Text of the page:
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Juba City - 29 May 2023

Parliament approves third reading of National Social Insurance Bill

South Sudan’s Transitional National Legislative Assembly (TNLA) on Monday unanimously passed the Social Insurance Bill 2023 to its third reading and directed the specialized committee on labor to conduct public hearings to enrich it before tabling it for further discussion.

The National Social Insurance Bill guarantees that every employee, whether in the private sector, NGO, or government sector, is insured by a pension fund.

Addressing Journalists after the session, John Agany, the parliamentary spokesperson, said that once passed into Law, it will benefit South Sudanese workers and pensioners.

“The question of a Social Insurance Fund is of course an obligation of every government because workers in both the private sector and government employees need to be insured so that at the end of your term of service, you have some privileges which are actually to be regulated by law” Agany said. “Now if there are no regulations which can give you the dividends of the labor that you have done, then definitely you will not benefit after reaching retirement age.”

Currently, South Sudan does not have a Fund for retired civil servants and according to Agany, the bill will benefit the government as all the deducted insurance money will go to the government treasurer.

“It is a very good law that will benefit the government and it will benefit the nation of South Sudan,” he said. “Another point which our people should know is that this kind of bill will raise a lot of funds for the government because every sector will be taxed by the government.”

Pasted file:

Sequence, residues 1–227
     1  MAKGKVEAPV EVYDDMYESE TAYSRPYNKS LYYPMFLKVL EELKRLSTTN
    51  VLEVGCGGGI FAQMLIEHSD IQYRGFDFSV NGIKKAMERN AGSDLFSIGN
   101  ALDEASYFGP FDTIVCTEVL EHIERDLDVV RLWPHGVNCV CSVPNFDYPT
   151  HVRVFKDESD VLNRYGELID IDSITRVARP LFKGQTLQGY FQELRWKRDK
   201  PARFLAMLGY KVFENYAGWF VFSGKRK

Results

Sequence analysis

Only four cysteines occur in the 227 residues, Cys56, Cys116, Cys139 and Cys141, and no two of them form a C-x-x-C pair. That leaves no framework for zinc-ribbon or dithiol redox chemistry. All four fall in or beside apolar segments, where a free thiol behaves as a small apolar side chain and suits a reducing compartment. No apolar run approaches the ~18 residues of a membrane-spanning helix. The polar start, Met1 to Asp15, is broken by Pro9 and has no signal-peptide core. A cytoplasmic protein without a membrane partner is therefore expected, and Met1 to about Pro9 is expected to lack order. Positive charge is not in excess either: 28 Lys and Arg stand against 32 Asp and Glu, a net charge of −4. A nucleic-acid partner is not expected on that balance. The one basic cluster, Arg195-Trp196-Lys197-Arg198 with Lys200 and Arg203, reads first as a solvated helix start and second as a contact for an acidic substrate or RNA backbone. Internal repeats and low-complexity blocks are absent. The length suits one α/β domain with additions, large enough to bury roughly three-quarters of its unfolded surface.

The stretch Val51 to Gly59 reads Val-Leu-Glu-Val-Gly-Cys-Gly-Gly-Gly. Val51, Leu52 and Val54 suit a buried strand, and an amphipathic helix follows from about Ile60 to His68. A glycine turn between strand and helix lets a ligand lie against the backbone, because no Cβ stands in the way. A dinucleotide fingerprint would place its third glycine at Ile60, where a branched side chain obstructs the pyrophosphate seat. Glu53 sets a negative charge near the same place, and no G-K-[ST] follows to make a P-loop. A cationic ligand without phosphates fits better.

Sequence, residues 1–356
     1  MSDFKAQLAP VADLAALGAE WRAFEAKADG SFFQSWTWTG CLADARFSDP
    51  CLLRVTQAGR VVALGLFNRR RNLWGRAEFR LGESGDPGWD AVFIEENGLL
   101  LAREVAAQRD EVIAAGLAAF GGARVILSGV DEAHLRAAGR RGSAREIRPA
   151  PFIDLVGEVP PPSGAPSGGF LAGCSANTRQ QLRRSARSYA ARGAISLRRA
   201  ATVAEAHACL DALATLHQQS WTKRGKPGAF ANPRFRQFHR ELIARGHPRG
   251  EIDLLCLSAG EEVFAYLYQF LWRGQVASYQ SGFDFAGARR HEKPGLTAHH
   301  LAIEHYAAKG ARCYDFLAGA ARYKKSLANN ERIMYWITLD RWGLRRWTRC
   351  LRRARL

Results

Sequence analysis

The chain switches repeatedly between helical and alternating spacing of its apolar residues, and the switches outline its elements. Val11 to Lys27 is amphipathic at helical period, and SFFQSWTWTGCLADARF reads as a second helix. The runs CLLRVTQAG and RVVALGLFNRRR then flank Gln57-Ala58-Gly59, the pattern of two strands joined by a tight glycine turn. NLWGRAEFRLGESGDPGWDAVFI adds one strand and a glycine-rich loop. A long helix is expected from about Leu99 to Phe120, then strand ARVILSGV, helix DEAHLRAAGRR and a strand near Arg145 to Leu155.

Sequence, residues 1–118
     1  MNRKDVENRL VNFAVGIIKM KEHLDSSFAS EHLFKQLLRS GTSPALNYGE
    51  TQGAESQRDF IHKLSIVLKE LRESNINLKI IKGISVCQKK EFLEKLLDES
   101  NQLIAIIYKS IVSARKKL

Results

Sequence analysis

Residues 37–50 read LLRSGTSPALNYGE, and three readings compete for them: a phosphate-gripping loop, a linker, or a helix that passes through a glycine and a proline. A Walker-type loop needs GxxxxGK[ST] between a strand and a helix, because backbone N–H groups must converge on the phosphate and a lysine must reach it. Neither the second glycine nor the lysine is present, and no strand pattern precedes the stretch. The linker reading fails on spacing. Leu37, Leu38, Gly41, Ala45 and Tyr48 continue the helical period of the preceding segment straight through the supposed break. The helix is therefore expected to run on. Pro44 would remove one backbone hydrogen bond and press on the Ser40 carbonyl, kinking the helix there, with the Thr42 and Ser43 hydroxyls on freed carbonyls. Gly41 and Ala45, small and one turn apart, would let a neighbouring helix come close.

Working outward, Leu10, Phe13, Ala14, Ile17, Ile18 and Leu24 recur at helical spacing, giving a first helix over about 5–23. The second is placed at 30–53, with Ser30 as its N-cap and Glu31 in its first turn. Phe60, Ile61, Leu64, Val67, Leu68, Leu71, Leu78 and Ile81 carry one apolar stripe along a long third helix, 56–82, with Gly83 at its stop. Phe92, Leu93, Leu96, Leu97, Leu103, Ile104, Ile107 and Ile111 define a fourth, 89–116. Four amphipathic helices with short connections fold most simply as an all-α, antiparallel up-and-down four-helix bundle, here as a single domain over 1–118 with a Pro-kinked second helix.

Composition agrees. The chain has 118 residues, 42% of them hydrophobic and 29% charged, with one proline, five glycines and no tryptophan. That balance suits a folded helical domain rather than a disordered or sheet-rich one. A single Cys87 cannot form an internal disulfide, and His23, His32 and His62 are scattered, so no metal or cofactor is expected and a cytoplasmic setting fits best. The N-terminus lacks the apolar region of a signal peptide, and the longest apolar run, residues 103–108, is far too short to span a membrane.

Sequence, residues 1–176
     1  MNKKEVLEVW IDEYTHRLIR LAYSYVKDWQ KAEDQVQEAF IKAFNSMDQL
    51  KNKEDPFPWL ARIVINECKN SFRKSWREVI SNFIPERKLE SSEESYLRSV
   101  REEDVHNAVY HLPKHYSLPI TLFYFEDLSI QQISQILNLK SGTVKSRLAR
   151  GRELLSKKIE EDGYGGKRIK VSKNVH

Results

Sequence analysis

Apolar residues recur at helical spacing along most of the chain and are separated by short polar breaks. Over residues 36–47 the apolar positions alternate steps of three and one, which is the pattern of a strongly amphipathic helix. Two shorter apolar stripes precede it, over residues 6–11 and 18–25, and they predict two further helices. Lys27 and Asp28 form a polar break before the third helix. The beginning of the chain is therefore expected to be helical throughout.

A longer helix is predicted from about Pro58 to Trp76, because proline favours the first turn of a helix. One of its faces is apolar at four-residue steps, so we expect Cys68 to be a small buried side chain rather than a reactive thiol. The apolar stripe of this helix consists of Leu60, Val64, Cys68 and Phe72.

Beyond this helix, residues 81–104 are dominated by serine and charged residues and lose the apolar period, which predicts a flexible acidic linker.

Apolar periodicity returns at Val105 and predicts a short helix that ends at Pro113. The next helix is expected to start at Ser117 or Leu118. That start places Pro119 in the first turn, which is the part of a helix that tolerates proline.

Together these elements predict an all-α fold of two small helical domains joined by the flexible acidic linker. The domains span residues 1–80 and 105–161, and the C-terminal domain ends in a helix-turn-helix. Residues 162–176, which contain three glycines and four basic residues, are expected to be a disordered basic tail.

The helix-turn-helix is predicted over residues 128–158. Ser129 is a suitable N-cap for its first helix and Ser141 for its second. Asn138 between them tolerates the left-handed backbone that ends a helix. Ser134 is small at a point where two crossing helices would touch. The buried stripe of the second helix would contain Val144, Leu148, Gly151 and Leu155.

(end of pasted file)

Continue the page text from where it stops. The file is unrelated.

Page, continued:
Meanwhile, Samuel Buhori Lotti, who represents Torit County in Eastern Equatoria State in parliament, said the National Social Insurance Fund is very important in many developing economies.

“As we struggle to establish institutions that will help future generations, and fast track local investment in our economy, the Social Insurance Fund is one of the important aspects of government,” Lotti said. “The National Social Insurance Fund contributes a chunk to the GDP and in Kenya and Rwanda it contributes 6 and 8 percent respectively.”

 “When it contributes to an economy that is where we weigh the importance of such a bill,” he added.

Meanwhile, Rebecca Joshua Okwachi, the government chief whip, also pointed out that the bill is important because it will encourage the citizens not to only rely on working with the government but also in the private sector.

“This bill is very much connected with the private sector and the public outside there and that is one of the points that I was raising because most of our people are in the civil service,” she said. “There is a lot of inclination to work in white-collar jobs with the government. Let us encourage our people not to look at only the government but also to go to the private sector.”